What It's Really Like to Travel as a Gay Woman in Russia

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The couple share a kiss in Red Square. (Photo: Jenny Block)

When I told people I was going to spend a few days in Moscow, Russia at the Ritz, they all said the same thing. “Russia? Really? Be careful. The Ritz should be nice at least.”

They were scared for me because I am an American. But they were even more scared because I am a lesbian.

They were scared because of the “gay propaganda law,” a law that was enacted in June of 2013 “for the Purpose of Protecting Children from Information Advocating for a Denial of Traditional Family Values.“ It is a Russian law for Russian citizens. But it is also a law that allows the Russian government to jail foreigners up to two weeks and then deport them should they be violation of it. It’s a law that is so ambiguous in its language that two women or two men kissing in the streets could easily be seen as a flagrant violation.

No words exist to describe the fear of being jailed for being who you are and for loving who you do.

The law is against gay anything that normalizes being LGBT, particularly to those underage. It’s a catch-all. And that is what makes it so scary.

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It was because of that law that I questioned my decision to travel to Russia right up until I got on the flight to Moscow. Last chance, I told myself. You can still turn back. Plenty of flights from Frankfurt to New York. But my fearless girlfriend interlaced her fingers with mine and smiled that smile. “It’s going to be great,” she said. “Let’s go.”

Taking a selfie in the historic town of Kizhi. (Photo: Jenny Block)

And we did. And she was right.

My big plan was not to hold hands or kiss in public. My big plan was to be invisible. But my girlfriend had other plans. Whenever my girlfriend took my hand or guided me across the cobblestones as I teetered on impossibly high heels or kissed or nuzzled me, I watched for the police that I imagined would race in and arrest us. But none came. I scanned the faces of passersby for looks of disgust and disdain. But none were there.

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We wandered every corner of Moscow, the Red Square, St. Basil’s Cathedral, the Bolshoi, the busy streets of downtown where locals and tourists alike filled the sidewalks, restaurants, artist’s enclaves, shops, and museums.

Our friends were right about the Ritz, of course. But for more than the most obvious reasons. It was glamorous and exquisitely appointed. The staff were beyond compare. But more than that, they were welcoming and open and unfazed by our being gay.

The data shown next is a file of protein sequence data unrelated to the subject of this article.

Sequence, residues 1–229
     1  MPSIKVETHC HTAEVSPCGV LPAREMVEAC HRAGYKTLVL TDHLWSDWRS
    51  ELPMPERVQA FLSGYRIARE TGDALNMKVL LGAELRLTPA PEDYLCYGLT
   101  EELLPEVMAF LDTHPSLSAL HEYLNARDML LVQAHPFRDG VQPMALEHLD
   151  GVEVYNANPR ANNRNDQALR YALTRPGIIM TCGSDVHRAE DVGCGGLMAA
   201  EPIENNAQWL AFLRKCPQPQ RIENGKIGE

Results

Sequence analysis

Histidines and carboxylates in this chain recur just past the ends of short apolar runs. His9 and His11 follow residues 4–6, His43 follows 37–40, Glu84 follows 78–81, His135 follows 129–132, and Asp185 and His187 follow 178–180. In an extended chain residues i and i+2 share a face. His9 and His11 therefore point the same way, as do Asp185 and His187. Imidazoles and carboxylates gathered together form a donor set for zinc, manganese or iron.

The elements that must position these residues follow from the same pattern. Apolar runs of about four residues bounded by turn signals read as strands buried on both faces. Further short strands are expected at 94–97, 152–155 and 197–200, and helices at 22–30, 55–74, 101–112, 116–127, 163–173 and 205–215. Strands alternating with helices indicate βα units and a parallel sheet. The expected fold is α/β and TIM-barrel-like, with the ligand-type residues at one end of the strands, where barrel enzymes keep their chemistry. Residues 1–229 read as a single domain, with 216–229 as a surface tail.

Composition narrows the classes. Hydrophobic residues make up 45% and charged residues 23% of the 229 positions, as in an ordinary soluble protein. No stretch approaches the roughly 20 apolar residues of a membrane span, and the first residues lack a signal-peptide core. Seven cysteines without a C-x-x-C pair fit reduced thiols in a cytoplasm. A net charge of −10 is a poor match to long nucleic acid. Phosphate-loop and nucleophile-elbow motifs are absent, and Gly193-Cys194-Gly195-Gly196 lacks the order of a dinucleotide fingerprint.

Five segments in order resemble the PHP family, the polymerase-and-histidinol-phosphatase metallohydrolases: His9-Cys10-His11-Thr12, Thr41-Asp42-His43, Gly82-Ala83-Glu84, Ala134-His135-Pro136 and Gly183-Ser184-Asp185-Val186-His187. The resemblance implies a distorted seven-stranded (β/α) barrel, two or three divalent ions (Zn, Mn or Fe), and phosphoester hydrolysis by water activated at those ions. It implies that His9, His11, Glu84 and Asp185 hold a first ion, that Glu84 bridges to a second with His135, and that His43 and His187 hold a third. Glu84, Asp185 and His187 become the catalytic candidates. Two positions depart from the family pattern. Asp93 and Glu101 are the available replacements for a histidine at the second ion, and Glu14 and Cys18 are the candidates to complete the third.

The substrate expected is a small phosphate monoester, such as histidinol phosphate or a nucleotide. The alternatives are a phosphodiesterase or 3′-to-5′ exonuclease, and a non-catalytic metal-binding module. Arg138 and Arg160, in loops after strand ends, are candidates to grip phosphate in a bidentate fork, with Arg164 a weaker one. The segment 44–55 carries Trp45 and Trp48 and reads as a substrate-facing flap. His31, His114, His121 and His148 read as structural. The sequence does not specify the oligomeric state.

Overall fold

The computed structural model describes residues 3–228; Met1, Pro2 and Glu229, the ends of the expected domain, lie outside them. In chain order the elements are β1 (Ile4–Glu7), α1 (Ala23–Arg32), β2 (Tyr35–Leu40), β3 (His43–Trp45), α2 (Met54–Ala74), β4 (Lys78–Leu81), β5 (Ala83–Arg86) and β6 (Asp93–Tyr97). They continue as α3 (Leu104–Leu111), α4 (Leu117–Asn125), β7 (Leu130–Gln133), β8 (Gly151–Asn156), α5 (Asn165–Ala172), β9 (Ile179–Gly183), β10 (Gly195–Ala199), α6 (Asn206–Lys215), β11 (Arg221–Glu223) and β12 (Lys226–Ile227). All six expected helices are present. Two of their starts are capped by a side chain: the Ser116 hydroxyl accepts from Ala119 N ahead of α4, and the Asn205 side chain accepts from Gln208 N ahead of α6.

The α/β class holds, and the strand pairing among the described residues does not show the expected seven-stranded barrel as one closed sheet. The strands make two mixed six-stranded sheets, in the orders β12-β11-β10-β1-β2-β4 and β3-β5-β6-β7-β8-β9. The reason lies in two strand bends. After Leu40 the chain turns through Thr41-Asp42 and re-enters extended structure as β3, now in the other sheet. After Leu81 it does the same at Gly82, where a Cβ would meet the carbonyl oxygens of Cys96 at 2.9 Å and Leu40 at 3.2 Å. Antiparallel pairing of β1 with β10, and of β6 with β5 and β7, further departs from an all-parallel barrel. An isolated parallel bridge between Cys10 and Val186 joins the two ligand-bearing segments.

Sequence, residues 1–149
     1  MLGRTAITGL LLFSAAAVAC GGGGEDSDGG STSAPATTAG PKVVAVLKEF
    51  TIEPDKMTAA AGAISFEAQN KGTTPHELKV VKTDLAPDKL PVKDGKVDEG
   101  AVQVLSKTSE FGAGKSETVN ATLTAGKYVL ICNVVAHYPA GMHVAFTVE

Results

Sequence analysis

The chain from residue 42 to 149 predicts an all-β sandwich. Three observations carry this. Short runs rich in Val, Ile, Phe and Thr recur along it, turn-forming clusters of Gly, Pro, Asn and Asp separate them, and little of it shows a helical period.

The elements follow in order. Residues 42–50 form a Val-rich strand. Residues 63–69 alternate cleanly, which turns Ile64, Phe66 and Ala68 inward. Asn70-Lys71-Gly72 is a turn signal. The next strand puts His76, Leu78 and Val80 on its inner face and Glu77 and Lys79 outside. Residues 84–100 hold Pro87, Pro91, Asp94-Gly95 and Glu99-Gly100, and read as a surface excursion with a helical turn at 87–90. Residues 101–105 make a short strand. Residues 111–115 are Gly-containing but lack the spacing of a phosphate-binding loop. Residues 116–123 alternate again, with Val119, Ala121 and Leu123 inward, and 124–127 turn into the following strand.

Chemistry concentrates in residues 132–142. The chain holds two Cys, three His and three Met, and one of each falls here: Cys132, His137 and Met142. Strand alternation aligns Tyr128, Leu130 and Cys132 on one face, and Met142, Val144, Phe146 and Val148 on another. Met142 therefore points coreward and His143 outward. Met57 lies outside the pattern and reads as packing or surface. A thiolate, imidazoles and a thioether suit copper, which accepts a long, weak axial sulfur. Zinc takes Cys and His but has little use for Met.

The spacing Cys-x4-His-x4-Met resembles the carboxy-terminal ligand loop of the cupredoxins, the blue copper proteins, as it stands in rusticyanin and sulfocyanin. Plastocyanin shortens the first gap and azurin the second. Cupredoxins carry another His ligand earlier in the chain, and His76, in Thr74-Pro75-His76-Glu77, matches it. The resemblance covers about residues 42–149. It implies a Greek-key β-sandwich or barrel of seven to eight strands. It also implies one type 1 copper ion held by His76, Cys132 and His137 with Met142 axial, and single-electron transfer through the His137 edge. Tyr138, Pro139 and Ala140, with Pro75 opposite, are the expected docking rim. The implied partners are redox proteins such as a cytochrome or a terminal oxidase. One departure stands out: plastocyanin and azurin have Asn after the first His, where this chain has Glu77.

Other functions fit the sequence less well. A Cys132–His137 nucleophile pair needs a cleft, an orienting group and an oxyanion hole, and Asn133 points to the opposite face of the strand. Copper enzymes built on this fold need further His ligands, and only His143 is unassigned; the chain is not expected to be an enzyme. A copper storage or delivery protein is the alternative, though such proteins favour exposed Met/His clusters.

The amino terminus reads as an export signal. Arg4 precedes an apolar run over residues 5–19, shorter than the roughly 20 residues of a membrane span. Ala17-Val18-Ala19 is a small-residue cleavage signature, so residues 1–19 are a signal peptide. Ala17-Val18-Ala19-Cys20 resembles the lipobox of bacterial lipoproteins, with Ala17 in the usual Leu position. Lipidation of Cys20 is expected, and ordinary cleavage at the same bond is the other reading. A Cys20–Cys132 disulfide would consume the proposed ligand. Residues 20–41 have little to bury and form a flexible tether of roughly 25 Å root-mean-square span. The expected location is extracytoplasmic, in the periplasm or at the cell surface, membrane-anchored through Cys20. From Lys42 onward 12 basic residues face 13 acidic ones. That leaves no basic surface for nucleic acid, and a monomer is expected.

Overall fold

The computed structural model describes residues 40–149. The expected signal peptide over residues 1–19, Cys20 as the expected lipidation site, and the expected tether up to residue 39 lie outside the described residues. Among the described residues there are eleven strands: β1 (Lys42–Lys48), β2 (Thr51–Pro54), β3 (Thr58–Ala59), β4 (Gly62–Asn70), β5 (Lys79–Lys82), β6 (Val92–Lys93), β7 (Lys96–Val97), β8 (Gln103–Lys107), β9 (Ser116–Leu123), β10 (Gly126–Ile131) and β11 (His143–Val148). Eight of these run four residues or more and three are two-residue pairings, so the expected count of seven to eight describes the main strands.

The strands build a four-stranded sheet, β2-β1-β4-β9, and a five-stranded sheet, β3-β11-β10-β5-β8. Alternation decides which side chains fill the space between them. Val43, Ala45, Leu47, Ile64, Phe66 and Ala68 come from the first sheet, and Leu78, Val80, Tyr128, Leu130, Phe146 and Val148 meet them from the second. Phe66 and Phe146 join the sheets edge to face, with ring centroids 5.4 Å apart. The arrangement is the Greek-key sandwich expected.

The couple in front of the Kremlin. (Photo: Jenny Block)

When we checked in, the handsome man at the front desk confirmed that we wanted a King bed. “As you wish,” he said with a smile, not skipping a beat. When I asked a manager at the hotel about whether it was possible to be out and gay in Moscow, he told me that a number of the employees at the hotel were openly gay and added that Moscow boasts a variety of gay clubs. “There is the law, of course,” he reminded me. The law. Yes. How could I forget?

It was that law that made me catch my breath every time my girlfriend touched me or held my hand in public. It made me feel sad to think that I was in a place where my mere existence in the universe was basically illegal at worst, inappropriate, unseemly, and grotesque at best. And if I let my mind get the best of me, it made me feel anxious and desperate and terribly frightened.

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But my girlfriend is fearless and believes there is good in everyone and refuses to allow anyone to tell her that who she is and who she loves is wrong. And so we were gay in Russia, we were out in Russia, and the world didn’t end.

Dinner at White Rabbit in the historical center of Moscow. (Photo: Jenny Block)

And as my new Russian friends would say, “It is magic, no?”

It is magic. Yes. Not just the city and its history and gastronomy and art. But the people. So many of whom shared with us their distaste for the politics of the place in whispered words – but more importantly, in their loud acceptance of us from the depths of the Metro stations to the terrace bar at the top of the Ritz where we kissed as a full, red moon rose over St. Basil.

I cannot begin to imagine how painful it would be to live in a country where your very life is illegal. I know people have gone to jail as recently as the last few weeks for gathering and protesting this inhumane law. We didn’t wear our HRC t-shirts or march with signs on a busy square. But we were ourselves. And we were just fine.

And, I hope that our presence did at least the tiniest bit of service to the LGBT community there. Visibility is the first step of acceptance.

We were visible in Moscow. And it was magic.

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